Asbestos: A naturally occurring micro fiber that gets into your lungs and stays, causing serious health risks even death. Many old homes used asbestos insulation and floor tiles in their construction. Any time you are removing plug covers or tiles or attic doors in older homes, be aware that asbestos may be present and take proper precautions in its handling and removal. Homes as young as the 1960s were still using tile that contained asbestos. Be extremely cautious when removing, sanding or painting any old 9" block tile floor. Considering a certified asbestos removal service may prevent serious potential health risks.

Ventilation: Proper ventilation is a must in any paint job. Paints and chemicals give off harmful vapors and can be very damaging to health long term. Consider your health and your ability to enjoy your good works of painting after the job is done. Open plenty of windows or doors. After painting, leave the premises while it dries to minimize exposure to the fumes. Paint will dry faster with dry, warm air.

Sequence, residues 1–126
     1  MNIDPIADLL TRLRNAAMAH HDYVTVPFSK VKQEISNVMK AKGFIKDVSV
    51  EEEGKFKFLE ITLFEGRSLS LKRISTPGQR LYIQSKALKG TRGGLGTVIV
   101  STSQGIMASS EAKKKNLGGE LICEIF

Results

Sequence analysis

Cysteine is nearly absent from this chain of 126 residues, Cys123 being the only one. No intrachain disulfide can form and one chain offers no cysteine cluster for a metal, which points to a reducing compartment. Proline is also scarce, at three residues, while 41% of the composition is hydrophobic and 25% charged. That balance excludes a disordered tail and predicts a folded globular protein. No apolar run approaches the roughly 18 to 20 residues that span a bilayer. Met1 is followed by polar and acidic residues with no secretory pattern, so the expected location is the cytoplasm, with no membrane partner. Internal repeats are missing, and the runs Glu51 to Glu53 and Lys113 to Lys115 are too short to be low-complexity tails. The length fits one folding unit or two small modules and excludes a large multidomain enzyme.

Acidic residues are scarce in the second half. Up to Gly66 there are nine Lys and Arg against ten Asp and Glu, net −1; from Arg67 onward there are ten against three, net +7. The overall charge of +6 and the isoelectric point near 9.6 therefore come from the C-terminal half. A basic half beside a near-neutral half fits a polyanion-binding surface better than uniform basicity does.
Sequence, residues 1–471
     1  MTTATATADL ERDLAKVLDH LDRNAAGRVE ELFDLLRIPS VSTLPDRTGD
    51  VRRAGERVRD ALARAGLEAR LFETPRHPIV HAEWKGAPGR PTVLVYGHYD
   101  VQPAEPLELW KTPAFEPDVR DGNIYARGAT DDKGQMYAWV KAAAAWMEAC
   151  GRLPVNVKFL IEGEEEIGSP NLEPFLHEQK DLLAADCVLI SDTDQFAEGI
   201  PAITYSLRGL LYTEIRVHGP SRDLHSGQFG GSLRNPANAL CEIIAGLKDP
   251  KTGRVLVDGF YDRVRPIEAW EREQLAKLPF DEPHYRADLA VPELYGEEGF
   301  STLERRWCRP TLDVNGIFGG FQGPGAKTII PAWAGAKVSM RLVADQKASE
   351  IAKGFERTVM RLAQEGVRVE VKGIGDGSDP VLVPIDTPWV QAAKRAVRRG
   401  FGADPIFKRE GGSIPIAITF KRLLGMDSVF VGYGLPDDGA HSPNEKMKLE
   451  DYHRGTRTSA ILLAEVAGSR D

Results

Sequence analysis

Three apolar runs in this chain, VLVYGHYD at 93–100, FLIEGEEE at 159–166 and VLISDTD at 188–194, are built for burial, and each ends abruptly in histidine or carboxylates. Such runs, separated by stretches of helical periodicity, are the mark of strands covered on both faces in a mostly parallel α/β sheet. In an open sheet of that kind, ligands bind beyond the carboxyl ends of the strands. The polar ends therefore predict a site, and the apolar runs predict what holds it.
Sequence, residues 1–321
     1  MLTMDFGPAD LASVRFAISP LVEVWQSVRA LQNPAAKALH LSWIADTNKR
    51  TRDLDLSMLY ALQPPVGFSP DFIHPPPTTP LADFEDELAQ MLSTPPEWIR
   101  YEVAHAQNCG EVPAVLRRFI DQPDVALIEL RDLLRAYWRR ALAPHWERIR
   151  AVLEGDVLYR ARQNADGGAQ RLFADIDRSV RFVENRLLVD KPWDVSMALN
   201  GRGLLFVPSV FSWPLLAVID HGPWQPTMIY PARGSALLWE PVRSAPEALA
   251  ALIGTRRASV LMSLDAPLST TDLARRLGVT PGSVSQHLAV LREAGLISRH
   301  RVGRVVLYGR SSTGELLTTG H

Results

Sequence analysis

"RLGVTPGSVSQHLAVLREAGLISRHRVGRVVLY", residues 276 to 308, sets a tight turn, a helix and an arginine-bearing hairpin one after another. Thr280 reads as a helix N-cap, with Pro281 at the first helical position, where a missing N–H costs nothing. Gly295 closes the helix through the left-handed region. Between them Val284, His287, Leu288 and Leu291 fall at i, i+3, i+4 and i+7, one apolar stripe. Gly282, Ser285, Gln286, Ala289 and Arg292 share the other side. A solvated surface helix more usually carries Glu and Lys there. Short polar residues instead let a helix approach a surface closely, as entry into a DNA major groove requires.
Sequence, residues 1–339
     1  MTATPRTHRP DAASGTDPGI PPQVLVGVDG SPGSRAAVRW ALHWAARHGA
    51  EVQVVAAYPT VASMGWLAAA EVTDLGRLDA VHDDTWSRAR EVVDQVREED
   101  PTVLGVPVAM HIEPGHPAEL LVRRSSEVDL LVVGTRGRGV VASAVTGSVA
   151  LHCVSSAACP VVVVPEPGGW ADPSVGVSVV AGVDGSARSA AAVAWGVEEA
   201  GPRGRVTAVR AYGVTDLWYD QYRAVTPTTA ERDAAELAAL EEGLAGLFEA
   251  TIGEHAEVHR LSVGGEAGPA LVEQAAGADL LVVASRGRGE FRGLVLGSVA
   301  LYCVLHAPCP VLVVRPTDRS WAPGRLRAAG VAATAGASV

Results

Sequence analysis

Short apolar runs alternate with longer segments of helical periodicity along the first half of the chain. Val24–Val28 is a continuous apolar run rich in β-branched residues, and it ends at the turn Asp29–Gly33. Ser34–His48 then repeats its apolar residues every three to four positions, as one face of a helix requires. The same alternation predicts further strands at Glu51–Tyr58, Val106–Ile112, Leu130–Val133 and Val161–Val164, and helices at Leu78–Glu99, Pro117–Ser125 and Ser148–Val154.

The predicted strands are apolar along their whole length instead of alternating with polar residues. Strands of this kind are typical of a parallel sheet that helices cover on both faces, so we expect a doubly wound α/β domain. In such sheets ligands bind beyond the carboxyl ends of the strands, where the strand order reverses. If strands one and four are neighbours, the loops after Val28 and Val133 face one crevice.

Varnish vs. Polyurethane:
Hardwood floors or any bare wood surface such as doors or furniture require some kind of surface covering to protect the natural wood surface. This was traditionally accomplished with oil-based varnishes. Although these are still available, they must be applied with special brushes and chemicals.

Oil-based varnishes: Very tough and durable and will likely last the life of the surface they are applied to when properly taken care of, but are more expensive and require more coats and longer drying times.

Polyurethane: On the other hand, polyurethane as a coating has its place. On a hardwood floor, two coats of a very hard water-based polyurethane finish can be applied in two days and the floor is usable in a week. With a varnish, the same floor may require four or more coats and may not be usable for 1 or 2 months. Varnish is good for doors, however, because of it's resistance to water and the outdoor elements. Consider the finish and the use before deciding on the covering.